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5 Ways to Handle Overwhelm at Work

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5 Ways to Handle Overwhelm at Work


With one year coming to an end, and a new one about to begin now is the perfect time for many of us to evaluate how our year ‘went’. What could we do better or how can we be more productive in a business world where overwhelm is common place?  

Ultimately, no matter which sector you work in, there’s always a chance that at some point you will end up feeling stressed and overwhelmed by the deliverables required in your role. 

If that’s the case, you may find that you don’t necessarily need to look for a new role, but you do need to think about how you can make a few necessary changes to handle those days when overwhelming creeps in. 

Here are a few strategies to get you started. 

1. Know How to Prioritize



When you’ve got a pile of work on your desk that’s big enough to tower over your computer monitor, it can be impossible to see a situation where you’ll be able to get everything done in time. Telling yourself that you need to get everything done straight away is likely to blow your schedule out of proportion, and send you into a spiral of lost productivity.  

On the other hand, if you can think about what you need to get done today, what needs to be finished by next week, and what you might be able to delegate to another employee, the whole process becomes much easier.  

List tasks according to priority, and remember that even the most significant challenges can be overcome one step at a time.  


2. Don’t Suffer Solo

If no matter how well you organise your day, you can’t get everything done, then you’ll need to speak to your manager. Although admitting that you need a little help can be a daunting prospect, it’s important to remember that your supervisor needs to be aware of your problem if they’re going to be able to fix it.  

Explain the situation as calmly, and professionally as possible. Outline the fact that you’re concerned too much pressure could have an impact on the quality of your work or suggest that spreading your time too thin might lead to more mistakes. If you can help your line manager to see why additional tasks are causing you so many problems, they may be able to take some of the pressure off your shoulders.  


3. Know When to Say No



In today’s competitive professional world, it’s tempting to feel as though you always have something to prove. You want to convince your boss that you’re reliable and worthy of a promotion, so you resolve to take on every task they throw your way – no matter how big it might be. Though this seems like a good idea at first, the truth is that all that extra work quickly piles up.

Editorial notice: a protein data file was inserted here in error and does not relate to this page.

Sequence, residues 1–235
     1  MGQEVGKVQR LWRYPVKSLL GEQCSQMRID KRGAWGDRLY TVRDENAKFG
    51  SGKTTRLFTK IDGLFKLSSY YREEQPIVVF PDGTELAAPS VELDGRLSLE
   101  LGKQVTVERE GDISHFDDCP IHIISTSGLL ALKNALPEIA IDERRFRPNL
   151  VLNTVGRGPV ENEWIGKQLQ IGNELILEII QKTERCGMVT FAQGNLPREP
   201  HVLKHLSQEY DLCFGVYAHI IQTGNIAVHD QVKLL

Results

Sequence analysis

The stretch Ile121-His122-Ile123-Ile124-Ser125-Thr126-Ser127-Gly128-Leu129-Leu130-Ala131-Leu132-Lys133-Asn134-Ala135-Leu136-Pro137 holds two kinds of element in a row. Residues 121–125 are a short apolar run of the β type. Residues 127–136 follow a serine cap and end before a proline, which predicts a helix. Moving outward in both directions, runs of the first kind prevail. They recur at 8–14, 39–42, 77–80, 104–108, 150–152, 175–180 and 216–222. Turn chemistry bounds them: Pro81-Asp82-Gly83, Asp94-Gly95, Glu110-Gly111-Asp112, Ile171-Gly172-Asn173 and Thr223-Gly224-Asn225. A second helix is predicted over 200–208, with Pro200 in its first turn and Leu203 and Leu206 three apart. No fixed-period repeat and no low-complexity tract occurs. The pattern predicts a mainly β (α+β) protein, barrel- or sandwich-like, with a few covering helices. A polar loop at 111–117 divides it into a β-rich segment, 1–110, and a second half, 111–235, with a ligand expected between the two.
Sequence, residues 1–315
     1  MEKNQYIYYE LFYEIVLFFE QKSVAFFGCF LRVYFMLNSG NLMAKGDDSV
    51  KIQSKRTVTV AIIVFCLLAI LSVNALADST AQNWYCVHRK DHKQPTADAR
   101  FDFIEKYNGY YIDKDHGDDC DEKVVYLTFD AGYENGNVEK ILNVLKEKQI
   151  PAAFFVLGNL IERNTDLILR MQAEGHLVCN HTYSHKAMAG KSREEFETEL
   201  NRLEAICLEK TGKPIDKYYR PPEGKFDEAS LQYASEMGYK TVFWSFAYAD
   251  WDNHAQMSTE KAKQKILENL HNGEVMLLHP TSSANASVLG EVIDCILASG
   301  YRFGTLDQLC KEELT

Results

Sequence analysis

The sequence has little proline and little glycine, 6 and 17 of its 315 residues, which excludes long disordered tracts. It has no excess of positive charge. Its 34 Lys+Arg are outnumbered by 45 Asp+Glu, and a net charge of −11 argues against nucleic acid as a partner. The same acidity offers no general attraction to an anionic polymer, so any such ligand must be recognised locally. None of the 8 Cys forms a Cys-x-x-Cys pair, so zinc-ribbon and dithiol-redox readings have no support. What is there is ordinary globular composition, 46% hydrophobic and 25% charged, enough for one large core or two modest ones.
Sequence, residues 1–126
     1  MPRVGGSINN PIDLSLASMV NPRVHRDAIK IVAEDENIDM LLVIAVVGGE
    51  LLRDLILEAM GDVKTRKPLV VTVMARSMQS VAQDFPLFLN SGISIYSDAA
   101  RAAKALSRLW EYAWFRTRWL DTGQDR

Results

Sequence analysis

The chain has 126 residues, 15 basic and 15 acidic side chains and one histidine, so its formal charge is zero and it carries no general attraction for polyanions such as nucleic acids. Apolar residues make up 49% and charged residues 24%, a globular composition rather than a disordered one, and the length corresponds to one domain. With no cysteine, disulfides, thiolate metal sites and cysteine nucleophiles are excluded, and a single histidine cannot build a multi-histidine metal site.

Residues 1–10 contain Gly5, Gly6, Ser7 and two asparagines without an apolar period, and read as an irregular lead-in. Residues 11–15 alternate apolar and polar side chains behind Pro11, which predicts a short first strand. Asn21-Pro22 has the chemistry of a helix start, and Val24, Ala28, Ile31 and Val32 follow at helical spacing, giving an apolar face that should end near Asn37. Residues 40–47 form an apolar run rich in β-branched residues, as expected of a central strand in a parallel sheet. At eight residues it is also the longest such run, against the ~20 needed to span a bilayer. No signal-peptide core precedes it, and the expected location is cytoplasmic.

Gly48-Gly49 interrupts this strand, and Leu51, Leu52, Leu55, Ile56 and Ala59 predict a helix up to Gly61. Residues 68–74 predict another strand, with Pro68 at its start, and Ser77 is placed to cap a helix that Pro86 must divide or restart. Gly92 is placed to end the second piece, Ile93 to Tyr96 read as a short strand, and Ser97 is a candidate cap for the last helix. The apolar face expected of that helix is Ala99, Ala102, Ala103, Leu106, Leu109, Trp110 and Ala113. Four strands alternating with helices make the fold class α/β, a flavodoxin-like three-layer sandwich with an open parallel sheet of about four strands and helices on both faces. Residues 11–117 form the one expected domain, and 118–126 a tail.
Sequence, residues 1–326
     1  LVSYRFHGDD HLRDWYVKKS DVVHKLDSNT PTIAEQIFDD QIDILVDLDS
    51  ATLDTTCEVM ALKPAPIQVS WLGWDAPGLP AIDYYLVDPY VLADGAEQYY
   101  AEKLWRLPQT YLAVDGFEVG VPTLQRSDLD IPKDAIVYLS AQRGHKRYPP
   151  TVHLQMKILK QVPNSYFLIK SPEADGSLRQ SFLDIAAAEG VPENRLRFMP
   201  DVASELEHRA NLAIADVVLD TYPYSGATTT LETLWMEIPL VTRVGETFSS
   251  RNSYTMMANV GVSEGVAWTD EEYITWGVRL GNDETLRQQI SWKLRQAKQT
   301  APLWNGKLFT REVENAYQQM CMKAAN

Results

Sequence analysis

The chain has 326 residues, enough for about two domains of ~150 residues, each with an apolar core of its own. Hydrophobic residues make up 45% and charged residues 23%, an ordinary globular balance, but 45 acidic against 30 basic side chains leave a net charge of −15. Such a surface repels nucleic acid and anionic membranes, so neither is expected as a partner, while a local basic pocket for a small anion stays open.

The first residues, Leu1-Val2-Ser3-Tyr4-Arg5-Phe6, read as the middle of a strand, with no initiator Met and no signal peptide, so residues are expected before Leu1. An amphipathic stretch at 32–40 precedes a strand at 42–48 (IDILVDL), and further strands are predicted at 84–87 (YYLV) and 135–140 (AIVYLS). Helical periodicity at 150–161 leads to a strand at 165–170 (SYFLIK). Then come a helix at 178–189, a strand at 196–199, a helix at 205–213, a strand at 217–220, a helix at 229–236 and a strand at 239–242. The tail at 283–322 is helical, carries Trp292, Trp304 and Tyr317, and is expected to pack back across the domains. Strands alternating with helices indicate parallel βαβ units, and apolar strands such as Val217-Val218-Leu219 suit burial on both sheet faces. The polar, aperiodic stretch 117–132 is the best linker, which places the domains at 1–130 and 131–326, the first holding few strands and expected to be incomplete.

Eventually, you might be unable to keep saying “Yes” to everything. Otherwise, your manager might notice the quality of your performance beginning to slip. If you’re starting to feel like your role as the “go-to” person in the office is becoming too much to handle, speak up and let people know.  

The next time someone comes along to offer additional responsibilities, respectfully say “No”, and calmly explain why you don’t have the time for anything new.  


4. Give Yourself a Break

When we feel like we’re taking on too much at work, our brains can sometimes go into “survival mode”, which means that the logical parts of your mind switch off, and your perception of time becomes distorted. In other words, you simply can’t perform at your best anymore.  

While taking a break to go and get some fresh air, or grab a glass of water might seem counterproductive when you’ve got so much left to do, it’s important to remember that your brain needs a break.  

An occasional moment of rest helps you to refresh your mind, and reduce your chances of unwanted mistakes.  


5. Consider Something New



Finally, if no matter what you do, the work keeps piling up, and you can’t get a handle on all the challenges that are coming your way, then it might be time to start looking for a new position elsewhere.  

If a stress-filled job doesn’t make you ill, then it might erode the confidence you have in your abilities, and make it even harder for you to find a company culture you feel comfortable in at a later stage.  

When you’re looking for your new role, start by researching the culture of the business you’re interested in to make sure that you don’t end up in another frustrating situation. You can also ask a couple of tentative questions when speaking to a hiring manager during the interview process.  


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